After the sequences before Shin-ae’s conversion, which were the most ordinary in the film, Lee changes his style again following Shin-ae’s newly found spirituality. Over the next twelve and a half minutes of the film, there are only twenty shots (making for an ASL of 37.5 seconds). Regardless of whether Shin-ae’s Christianity is genuine or not, it has given meaning to both her character and the film. The beginning of the third act’s style reflects this overcoming a lack of meaning by abandoning the ordinary cutting of the end of the second act. Part of this is the social nature of these scenes. Shin-ae’s meaning is not only found in God, but in the Christian community that surrounds her. It is thus appropriate that the first sign of the breakdown in her faith occurs when she is alone in her home. There is a long take, frontal close-up of Shin-ae eating. She gradually begins to cry. To comfort herself, she recites the Lord’s Prayer. In the background a young boy is partially seen and heard entering her house. Shin-ae turns and follows him to the bathroom, thinking it may be Jun. Anyone familiar with Lee’s previous film, Oasis, is tempted to think that this may be another realistically presented fantasy scene. As it turns out, the boy is not Jun, but just someone from the neighborhood. What this indicates is that Shin-ae’s prayers are not simply a bowing to God’s will, but rather a way in which to deny her loss of Jun and the guilt she feels.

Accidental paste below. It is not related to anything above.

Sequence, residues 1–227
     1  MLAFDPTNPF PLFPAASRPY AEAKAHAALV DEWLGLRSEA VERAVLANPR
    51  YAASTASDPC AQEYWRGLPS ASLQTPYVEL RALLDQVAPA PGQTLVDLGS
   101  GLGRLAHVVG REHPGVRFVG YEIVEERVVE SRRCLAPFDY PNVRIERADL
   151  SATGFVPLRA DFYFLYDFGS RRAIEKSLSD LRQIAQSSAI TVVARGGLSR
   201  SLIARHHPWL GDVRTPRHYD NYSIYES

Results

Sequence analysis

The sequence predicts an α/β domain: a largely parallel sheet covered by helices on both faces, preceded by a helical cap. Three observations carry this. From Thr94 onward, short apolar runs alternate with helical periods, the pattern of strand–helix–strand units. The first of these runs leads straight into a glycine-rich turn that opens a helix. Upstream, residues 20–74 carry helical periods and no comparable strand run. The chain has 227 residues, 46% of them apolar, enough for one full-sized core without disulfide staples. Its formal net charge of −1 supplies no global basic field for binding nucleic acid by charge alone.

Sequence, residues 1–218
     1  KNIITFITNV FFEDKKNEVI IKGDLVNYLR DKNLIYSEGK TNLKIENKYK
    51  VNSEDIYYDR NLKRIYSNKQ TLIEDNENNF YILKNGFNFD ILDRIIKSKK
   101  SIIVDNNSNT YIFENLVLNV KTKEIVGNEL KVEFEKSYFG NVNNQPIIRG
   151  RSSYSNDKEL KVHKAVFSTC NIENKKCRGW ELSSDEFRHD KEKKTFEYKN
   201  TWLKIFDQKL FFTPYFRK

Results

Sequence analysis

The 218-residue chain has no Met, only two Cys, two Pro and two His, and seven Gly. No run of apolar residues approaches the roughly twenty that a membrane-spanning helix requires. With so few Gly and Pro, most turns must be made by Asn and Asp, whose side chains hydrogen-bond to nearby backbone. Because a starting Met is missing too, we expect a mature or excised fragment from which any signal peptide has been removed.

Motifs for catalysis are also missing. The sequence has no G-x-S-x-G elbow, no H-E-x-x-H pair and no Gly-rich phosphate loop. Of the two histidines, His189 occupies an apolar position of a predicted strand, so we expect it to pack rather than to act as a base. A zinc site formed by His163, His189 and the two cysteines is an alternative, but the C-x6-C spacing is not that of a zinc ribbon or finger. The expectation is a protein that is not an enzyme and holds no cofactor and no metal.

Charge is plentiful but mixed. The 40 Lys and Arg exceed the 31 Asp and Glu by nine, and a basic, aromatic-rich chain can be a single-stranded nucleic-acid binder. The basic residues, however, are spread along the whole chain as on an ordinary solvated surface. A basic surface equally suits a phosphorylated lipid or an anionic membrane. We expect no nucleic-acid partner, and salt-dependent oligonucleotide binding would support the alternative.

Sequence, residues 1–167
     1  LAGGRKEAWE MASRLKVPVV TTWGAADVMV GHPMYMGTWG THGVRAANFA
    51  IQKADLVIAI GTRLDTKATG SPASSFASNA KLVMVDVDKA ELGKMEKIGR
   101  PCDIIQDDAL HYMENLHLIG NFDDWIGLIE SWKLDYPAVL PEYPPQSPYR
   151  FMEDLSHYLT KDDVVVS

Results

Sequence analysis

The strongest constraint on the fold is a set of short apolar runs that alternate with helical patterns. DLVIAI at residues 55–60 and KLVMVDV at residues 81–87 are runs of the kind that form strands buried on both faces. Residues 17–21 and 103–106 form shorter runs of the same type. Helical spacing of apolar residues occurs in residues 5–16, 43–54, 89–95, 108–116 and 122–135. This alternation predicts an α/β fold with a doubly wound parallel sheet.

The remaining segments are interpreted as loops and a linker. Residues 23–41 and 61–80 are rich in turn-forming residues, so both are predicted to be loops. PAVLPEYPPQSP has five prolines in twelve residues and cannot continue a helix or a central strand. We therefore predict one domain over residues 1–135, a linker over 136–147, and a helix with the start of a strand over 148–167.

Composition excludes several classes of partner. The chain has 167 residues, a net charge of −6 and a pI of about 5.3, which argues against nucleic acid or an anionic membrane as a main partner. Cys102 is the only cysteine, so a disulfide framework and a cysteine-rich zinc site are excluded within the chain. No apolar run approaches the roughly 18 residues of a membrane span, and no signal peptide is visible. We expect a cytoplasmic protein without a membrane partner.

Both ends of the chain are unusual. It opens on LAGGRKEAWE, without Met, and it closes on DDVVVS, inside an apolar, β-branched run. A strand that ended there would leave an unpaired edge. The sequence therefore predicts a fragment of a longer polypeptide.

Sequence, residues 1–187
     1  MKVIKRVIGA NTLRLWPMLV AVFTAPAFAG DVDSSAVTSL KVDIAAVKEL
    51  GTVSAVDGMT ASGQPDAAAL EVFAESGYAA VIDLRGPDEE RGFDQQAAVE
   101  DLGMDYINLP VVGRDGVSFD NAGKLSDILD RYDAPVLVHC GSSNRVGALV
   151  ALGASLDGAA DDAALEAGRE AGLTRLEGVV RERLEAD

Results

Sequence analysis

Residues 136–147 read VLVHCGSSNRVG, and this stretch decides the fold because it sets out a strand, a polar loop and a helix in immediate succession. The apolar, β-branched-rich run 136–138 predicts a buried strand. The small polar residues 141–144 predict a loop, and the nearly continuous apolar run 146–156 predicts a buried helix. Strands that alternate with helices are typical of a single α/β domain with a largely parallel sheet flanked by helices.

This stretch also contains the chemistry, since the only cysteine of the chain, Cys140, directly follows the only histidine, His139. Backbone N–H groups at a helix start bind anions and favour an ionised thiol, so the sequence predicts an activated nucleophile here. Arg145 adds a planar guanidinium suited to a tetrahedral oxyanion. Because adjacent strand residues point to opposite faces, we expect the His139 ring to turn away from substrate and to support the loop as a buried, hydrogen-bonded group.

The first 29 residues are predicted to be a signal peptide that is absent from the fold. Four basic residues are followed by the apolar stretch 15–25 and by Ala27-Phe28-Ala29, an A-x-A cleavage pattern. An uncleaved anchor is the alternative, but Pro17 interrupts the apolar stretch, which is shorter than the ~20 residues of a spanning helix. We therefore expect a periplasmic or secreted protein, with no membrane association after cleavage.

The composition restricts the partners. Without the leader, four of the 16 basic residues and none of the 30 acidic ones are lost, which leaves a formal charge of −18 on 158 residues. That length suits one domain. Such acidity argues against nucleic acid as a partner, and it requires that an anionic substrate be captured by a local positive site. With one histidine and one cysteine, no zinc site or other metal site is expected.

This sequence is followed by one of the more disturbing in the film, as Shin-ae witnesses the teacher’s daughter being abused by a group of boys. Shin-ae simply watches this and finally drives away, almost hitting a pedestrian couple as a result. These events recall earlier parts of the narrative, as did the previous scene and her false recognition of Jun. The teacher’s daughter is an obvious reminder of Jun’s death. But Lee implicates Shin-ae in this cruelty towards a child through the use of reverse field editing. Shin-ae watches this unsettling display of abuse but does not stop it. One can even suspect that she perversely enjoys seeing the child of her son’s murderer being punished. Shin-ae is both compelled by the scene and repulsed by her own attraction to the violence inflicted on the girl, hence her quick speeding away and near accident. This event is a parallel of the early scenes when Shin-ae is driving with the ransom money to try to save Jun. In this sequence she also nearly hits pedestrians because of her panicked emotional state. Following the slower pace of editing in the opening of the third act, Lee here uses a quicker editing style that makes liberal use of point of view and reverse shots. These two scenes only take three and a half minutes of screen time, but incorporate twenty-one shots (for an ASL of 10 seconds). The breakdown of the calm assurance of faith is expressed through Lee’s editing and direction. The next long takes Lee gives are when Shin-ae, in an attempt to overcome her growing anxiety, announces to the church group that she has decided to visit Jun’s murderer in prison. Shin-ae explains that she wants to forgive him and so follow God’s example. The other church members praise her courage and her faith, but the previous scenes give the viewer a different interpretation. Shin-ae needs something to accomplish to give her life meaning and to exorcize her own personal demons. As we will see, her act of Christian charity in forgiving the teacher is a selfish act. It is a displacement for the forgiveness she herself desires.